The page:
OPINION: Affordable Childcare - ‘Too many parents barely cover the cost of nurseries through their wages’ - Derry MLA Sinead McLaughlin

The return of schools is good news for the mental health of our children. But it presents new challenges for parents trying to arrange childcare. In Derry there is a serious lack of affordable childcare.

Sunday, 5th September 2021, 1:04 pm

According to Employers for Childcare’s survey last year, 73% of Derry parents report a lack of childcare provision. That is the second highest rating across the North. It is another league table where we are at the top, when we want to be at the bottom.

This lack of childcare explains other problems. Derry has the highest official level of unemployment – those on the Claimant Count. It also has the second highest level of hidden unemployment - the economically inactivity - who represent 30% of Derry’s working age adults. This is much higher than the rate for the North as a whole. Caring responsibilities are often the reason.

For single parents, in particular, obtaining affordable childcare is a major difficulty. It is then not only a problem of finding a job, but also of earning enough to pay for the childcare. That is despite the fact that many workers in the childcare sector are themselves badly paid.

'As things stand, too many parents barely cover the cost of nurseries through their wages'

As things stand, too many parents barely cover the cost of nurseries through their wages. Yet we want more parents to return to work as we need their skills, just as they need the income. Many parents are forced to work part-time, when they would prefer to work longer hours, just because there is a lack of available childcare. This pushes down women’s income – as the reality is that it is still women who do most of the childcare – reduces their prospects for career progress and undermines attempts to create a more equal society.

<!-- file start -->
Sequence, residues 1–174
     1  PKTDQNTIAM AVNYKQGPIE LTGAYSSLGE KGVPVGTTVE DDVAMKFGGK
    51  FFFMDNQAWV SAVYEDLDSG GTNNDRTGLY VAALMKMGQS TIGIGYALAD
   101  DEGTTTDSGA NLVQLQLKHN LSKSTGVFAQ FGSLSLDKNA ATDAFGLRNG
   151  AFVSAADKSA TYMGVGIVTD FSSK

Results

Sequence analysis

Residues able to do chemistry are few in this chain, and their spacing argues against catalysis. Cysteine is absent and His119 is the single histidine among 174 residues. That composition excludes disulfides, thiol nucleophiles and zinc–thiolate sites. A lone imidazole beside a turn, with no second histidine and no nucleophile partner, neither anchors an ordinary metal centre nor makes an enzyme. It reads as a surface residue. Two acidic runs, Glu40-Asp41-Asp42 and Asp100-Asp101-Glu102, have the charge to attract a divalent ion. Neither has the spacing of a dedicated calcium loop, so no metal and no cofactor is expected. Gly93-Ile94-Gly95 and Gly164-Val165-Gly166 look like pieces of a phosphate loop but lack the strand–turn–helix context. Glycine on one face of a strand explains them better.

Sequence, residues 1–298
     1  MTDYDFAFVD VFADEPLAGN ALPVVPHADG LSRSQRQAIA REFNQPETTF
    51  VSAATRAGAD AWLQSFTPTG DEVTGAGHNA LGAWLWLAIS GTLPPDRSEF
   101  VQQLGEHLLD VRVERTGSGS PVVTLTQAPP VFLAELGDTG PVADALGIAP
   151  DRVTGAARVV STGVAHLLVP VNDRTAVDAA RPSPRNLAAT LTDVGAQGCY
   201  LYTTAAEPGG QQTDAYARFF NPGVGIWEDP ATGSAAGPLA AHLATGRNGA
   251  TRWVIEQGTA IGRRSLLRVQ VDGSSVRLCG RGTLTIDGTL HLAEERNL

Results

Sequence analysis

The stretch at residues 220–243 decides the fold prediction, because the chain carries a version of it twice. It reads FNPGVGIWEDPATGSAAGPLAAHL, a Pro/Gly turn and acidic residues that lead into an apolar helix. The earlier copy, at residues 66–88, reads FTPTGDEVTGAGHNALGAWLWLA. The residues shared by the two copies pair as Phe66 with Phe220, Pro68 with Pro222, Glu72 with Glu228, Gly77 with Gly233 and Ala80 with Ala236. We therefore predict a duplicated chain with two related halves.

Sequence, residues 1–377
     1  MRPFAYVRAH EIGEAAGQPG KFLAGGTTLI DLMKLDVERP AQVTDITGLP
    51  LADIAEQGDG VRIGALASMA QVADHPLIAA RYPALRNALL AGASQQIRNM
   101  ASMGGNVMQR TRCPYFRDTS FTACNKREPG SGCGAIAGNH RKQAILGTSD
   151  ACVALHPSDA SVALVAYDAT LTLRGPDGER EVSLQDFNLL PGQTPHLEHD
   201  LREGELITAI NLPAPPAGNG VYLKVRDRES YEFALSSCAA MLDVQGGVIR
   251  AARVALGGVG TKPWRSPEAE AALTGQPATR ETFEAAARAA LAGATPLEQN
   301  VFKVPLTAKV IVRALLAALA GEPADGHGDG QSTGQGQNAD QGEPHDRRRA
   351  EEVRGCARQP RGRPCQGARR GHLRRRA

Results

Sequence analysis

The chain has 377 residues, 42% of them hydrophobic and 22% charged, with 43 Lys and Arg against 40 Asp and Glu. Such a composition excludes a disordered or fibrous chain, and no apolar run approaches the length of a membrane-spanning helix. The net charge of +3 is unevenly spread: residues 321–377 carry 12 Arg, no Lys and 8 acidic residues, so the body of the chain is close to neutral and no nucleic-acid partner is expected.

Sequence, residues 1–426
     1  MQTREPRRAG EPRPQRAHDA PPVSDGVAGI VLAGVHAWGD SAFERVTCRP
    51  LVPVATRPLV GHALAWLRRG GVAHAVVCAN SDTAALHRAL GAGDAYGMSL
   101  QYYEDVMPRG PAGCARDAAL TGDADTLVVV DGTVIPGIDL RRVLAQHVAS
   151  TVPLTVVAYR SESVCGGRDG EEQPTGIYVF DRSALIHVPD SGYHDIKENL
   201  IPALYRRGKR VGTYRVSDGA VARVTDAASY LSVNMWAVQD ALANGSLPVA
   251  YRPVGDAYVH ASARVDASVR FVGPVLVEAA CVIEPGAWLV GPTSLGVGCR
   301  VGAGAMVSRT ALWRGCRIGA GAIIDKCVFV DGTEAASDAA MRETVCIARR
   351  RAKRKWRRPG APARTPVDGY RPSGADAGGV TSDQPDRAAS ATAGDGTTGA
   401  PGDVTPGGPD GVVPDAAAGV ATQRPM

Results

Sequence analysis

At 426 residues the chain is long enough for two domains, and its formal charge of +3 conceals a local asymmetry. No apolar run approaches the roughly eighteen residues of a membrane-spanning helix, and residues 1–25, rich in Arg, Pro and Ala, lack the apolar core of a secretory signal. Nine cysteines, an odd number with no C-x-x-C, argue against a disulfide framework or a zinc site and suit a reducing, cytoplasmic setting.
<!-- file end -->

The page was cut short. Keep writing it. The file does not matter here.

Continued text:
If we are serious about tackling low pay – and this is another league table where Derry is at the wrong end – then we must support those with caring responsibilities to work longer hours and earn higher pay, if that is what they want.

There are solutions – and it is disappointing that our education, economy and communities ministers are not pursuing these with vigour. More schools could support parents through greater flexibility, with breakfast and after school clubs, as well as holiday time activities. The Department for Education has to take a lead on this, rather than leave it to schools.

The Department for the Economy must recognise that childcare sits at the heart of our economic recovery programme – yet it doesn’t. And social housing providers can be involved – as some already are - by providing nurseries for tenants, supporting more tenants to work and in the process helping them to pay their rents. The communities minister should give social landlords a strong push. We need to do much more to support parents and other carers, who are nurturing the next generation. Without their work we will all be the poorer – literally.

Sinead McLaughlin MLA.

*Sinéad McLaughlin is SDLP MLA for Foyle and the SDLP spokesperson for jobs.